- Research article
- Open Access
Characteristics of a cohort of children with Juvenile Idiopathic Arthritis and JIA-associated Uveitis
Pediatric Rheumatology volume 13, Article number: 19 (2015)
Juvenile idiopathic arthritis-associated uveitis (JIA-U) can lead to poor visual outcomes and impact a child’s quality of life (QOL) and function. Our aim is to identify risk markers of JIA-U and examine differences in the QOL of children with JIA and JIA-U.
Rheumatology and ophthalmology record reviews and questionnaires were completed every 4–6 months on 287 children with JIA. We collected arthritis, uveitis, and QOL data. We examined data through last study visit.
There were 52/287 (18 %) children with JIA-U who were younger at arthritis diagnosis, had oligoarticular persistent JIA, and ANA positive. Confirmed uveitis predictors were age at JIA diagnosis (OR = 0.86) and oligoarticular subtype (OR = 5.92). They had worse vision specific QOL and function, but similar general QOL. Blindness occurred in 17.5 % of children but was more common in African American children compared to non-Hispanic Caucasian children ((5/7 (71 %) vs. 2/29 (7 %), p <0.001) despite a similar uveitis prevalence (22 % vs. 16 %). Both races had similar complications, although band keratopathy was more frequent in African Americans (75 % vs. 15.6 %, p = 0.003).
We confirm young age at JIA diagnosis and the oligoarticular JIA subtype as predictors of uveitis development. Although we were unable to identify predictors of ocular complications or blindness, AA children appeared to have a more severe disease course manifested by increased ocular complications, vision loss and blindness. Potential causes that warrant additional study include underlying disease severity, access to medical care and referral bias. Further investigation of the risk factors for vision-compromising uveitis and its’ long-term effects should be conducted in a large racially diverse population.
Juvenile idiopathic arthritis-associated uveitis (JIA-U) can lead to ocular complications and permanent vision loss. Approximately 10-25 % of the 300,000 children in the United States with JIA develop uveitis within the first 4 years of their arthritis diagnosis [1–8]. JIA-U is an anterior, non-granulomatous chronic inflammatory ocular disease that is frequently asymptomatic at onset. Vision loss and ocular complications have been reported in 3-66 % of children [9, 6, 10–13, 3, 2]. These devastating ocular sequelae may be prevented by identifying children at greatest risk for severe disease.
The American Academy of Pediatrics guidelines recommend ophthalmology screening every 3–4 months in children with oligoarticular or polyarticular rheumatoid factor (RF) negative arthritis who are antinuclear antibody (ANA) positive, <7 years of age, and diagnosed with arthritis for ≤4 years since they are at high risk for developing uveitis . These factors have been confirmed in several studies [14, 5, 15–17, 11, 9]. Risk factors for vision loss and/or ocular complications include male gender, short duration between arthritis and uveitis diagnoses, a uveitis diagnosis prior to arthritis diagnosis, young age at uveitis onset, an anterior chamber cell score ≥1+, initial visual acuity (VA) of 20/200 or worse, and presence of complications at first ophthalmology examination [18–21]. Hence, early detection of ocular disease and timely aggressive treatment in high risk patients can prevent poor visual outcomes.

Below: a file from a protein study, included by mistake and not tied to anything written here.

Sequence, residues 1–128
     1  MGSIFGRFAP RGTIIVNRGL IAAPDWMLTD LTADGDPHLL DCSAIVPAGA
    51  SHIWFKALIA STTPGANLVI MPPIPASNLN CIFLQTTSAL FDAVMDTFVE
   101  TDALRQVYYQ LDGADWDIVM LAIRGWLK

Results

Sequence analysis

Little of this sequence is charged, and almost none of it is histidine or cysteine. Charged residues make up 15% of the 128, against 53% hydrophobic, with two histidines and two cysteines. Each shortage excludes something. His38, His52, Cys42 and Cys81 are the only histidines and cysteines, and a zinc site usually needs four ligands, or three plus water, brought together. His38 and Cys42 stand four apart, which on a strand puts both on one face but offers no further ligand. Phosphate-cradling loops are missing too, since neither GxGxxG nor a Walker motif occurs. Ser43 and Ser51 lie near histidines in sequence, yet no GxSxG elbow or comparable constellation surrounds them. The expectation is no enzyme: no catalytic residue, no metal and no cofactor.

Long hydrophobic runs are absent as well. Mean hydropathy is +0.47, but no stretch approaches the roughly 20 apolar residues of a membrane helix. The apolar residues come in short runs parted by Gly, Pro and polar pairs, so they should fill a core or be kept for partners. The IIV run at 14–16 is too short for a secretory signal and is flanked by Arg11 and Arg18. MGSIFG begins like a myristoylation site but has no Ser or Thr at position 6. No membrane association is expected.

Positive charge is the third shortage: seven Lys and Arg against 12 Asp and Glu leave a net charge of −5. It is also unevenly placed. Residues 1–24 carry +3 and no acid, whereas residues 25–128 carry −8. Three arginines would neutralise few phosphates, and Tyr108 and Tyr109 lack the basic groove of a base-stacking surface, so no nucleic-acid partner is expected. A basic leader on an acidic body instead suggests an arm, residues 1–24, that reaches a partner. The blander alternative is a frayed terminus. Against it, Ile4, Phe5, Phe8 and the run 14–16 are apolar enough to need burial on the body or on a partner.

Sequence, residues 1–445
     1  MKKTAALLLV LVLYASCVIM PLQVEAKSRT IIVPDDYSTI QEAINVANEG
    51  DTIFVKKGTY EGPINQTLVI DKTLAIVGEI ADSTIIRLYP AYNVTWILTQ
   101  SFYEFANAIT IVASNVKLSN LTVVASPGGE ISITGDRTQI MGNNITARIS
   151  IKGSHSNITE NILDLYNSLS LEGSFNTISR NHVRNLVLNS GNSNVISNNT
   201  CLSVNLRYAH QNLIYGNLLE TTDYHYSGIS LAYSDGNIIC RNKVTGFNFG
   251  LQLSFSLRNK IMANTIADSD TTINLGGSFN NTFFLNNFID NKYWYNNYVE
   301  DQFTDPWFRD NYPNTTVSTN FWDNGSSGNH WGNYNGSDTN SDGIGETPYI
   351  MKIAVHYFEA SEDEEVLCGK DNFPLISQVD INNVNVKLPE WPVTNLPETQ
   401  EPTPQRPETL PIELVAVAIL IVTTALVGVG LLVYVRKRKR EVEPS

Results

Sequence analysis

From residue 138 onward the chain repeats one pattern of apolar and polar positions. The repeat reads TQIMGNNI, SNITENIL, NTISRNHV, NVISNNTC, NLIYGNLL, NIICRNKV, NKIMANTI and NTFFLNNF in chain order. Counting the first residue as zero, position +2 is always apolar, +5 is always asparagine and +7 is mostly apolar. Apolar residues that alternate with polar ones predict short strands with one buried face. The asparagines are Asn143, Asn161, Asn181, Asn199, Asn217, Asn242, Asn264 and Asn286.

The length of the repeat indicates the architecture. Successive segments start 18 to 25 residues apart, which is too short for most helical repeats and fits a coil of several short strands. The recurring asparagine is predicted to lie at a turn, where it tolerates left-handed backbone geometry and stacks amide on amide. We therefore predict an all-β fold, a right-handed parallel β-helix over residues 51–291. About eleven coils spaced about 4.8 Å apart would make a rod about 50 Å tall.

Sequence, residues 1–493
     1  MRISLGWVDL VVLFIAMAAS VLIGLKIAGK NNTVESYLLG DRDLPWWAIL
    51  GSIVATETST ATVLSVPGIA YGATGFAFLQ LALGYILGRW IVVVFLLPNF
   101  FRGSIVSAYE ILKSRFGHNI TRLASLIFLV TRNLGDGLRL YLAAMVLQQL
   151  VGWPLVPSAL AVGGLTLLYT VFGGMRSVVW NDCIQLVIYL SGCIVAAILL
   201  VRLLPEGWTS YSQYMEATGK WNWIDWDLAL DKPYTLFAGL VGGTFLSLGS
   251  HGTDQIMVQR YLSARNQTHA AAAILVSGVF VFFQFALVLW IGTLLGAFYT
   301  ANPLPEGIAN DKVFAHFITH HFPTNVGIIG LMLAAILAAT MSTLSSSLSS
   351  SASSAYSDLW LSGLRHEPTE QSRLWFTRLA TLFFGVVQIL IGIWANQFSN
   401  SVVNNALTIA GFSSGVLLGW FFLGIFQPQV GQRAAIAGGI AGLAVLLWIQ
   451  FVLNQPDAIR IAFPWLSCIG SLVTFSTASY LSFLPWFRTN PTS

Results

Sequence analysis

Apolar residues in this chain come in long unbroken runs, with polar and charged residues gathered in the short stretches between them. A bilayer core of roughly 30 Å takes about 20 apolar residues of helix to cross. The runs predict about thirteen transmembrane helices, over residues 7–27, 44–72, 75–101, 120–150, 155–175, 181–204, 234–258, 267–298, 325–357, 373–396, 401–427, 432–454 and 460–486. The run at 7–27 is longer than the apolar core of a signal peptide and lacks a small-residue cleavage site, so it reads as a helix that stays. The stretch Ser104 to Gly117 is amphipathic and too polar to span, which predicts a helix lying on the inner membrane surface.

Our primary objective is to identify risk markers for uveitis development and a severe ocular course in children with JIA by (1) comparing those with JIA alone and those with JIA-associated-uveitis (JIA-U), and (2) analyzing children with severe uveitis. We defined severe disease as a history of ocular complications, vision loss (VA 20/50 or worse) and legal blindness (VA 20/200 or worse).
This is a retrospective analysis of prospectively collected data. It was approved by the Institutional Review Board of Emory University and conformed to the requirements of the US Health Insurance Portability and Privacy Act. Informed consent was obtained from the parent/legal guardian, and assent was obtained from the children if applicable. Research adhered to the tenets of the Declaration of Helsinki.
Eligible children presenting with a diagnosis of JIA or uveitis were enrolled from the pediatric rheumatology outpatient clinics from November 2011 to January 2015. They were followed prospectively from time of enrollment and returned for their usual follow up appointment every 3–6 months. Inclusion criteria included: 1) a diagnosis of JIA with or without uveitis and 2) English speaking. Exclusion criteria included: 1) a diagnosis of another chronic or autoimmune disease associated with uveitis; 2) major developmental disorders (i.e. cerebral palsy, autism); 3) other chronic disorders that can affect quality of life (QOL) and function; and 4) refusal to participate. Some patients were diagnosed with JIA or uveitis months or years prior to enrollment.